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No, what I mean is: if it reads a Windows-formatted text file
under _Windows_ in one go, with "*a", do the two-character line
endings get converted into one-character line endings?

In general, yes --- \r\n is converted to \n on the fly. However... ;)

In particular, such translation occurs in a case of files opened in a text mode.

From Lua's POV it is impossible to open file in a text mode explicitly, as lua_checkmode() (or l_checkmode() in Lua 5.3) does not allow 't' flag in 'mode' parameter (quite fine as 't' is not standard opening mode indicator). If you will not append 'b' to 'mode' then a given file is opened in 'default' (text in most cases) mode.

What is 'default' mode? According to the C Standard it is a text mode, but under Win it depends on library and link options used during making of Lua binary.

Default 'default' ;) is a text mode. However, if Lua was linked with binmode.obj (MSVC, WATCOM) then 'default' is a binary mode for opening files.

So, the sole case, where ``lines'' in your code could contain trailing \r under Win is a case when Lua binary is linked with binmode.obj or is using some strange C library (very uncommon and exceptional cases, occurring where one knows well what he is doing as it violates the C Standard).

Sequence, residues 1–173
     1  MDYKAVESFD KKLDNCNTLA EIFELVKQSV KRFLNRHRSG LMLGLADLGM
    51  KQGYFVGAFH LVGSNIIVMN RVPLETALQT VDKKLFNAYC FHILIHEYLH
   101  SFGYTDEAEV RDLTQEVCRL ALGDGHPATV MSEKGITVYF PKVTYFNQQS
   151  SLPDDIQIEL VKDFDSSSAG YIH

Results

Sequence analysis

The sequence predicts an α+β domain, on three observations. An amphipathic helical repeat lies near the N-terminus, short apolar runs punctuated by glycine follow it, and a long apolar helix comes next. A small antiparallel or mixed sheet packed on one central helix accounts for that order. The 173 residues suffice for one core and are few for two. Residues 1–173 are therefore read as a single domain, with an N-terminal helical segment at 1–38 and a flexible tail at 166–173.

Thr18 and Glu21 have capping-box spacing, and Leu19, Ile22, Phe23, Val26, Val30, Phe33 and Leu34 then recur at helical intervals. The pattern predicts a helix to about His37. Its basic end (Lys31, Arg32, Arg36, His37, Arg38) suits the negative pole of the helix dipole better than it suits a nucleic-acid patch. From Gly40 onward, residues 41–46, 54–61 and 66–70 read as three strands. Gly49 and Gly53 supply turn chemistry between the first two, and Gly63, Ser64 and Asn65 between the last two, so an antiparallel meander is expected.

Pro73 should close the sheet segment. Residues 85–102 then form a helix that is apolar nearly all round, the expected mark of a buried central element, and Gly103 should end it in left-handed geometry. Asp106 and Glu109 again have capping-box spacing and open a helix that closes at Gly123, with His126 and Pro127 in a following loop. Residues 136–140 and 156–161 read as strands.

(I know that the portable way is "lines", I'm just wondering
how portable :read"*a" is.)

:read "*a" is portable in a same way as a standard C text stream read functions are portable. I.e. there could be a platform/implementation on which :read "*a" of Holy Bible gives you ''I need to talk to you like a hole in my head --- The Lord'' and as far as writing the above sentence to a text stream will produce a whole Holy Bible text it will be conforming C implementation. ;)

File of a text stream is ``external representation'' --- there is no requirement that ,,Hello'' cannot be represented as ``Bye'' in the external representation (file) as far as writing ``Hello'' produces ``Bye'' in a file and further reading of this file returns ``Hello'' (certainly, writing ``Bye'' cannot produce ``Bye'' as it is already reserved for representing ``Hello'' ;)

Above idiotic example is for illustration of a fact that ``text stream'' artifacts are kept mainly for streams which are not linked with disk files or Win's stupid \r\n -- in fact it produces a lot of problems (like seeking). Today, a file is what it is ;) --- currently there are no TRS/CPM's fabrications --- thus it is a good idea to open files in a binary mode and to treat \r\n as \n internally, or, simply, to treat \r as the last char of a line. There is no problem to operate on/produce canonically terminated lines in files under Windows. There is no need to shake the universe for the sake of holy cows and notepad users. I hope MS will not produce Win11 with ``Hey, this is the end of a line nr beginofnumbermark\d+endofnumbermark'' translated to Coptic in MSUTF13 as line endings (certainly with 500pp. paid specification). ;)

-- best regards

Cezary H. Noweta